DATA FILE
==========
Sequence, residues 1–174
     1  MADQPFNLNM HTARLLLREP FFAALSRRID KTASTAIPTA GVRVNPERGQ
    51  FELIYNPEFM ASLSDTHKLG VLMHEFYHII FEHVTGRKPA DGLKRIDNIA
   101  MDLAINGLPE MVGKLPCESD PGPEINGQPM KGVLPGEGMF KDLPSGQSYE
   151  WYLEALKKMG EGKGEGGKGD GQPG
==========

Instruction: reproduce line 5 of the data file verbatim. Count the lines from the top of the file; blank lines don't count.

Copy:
   151  WYLEALKKMG EGKGEGGKGD GQPG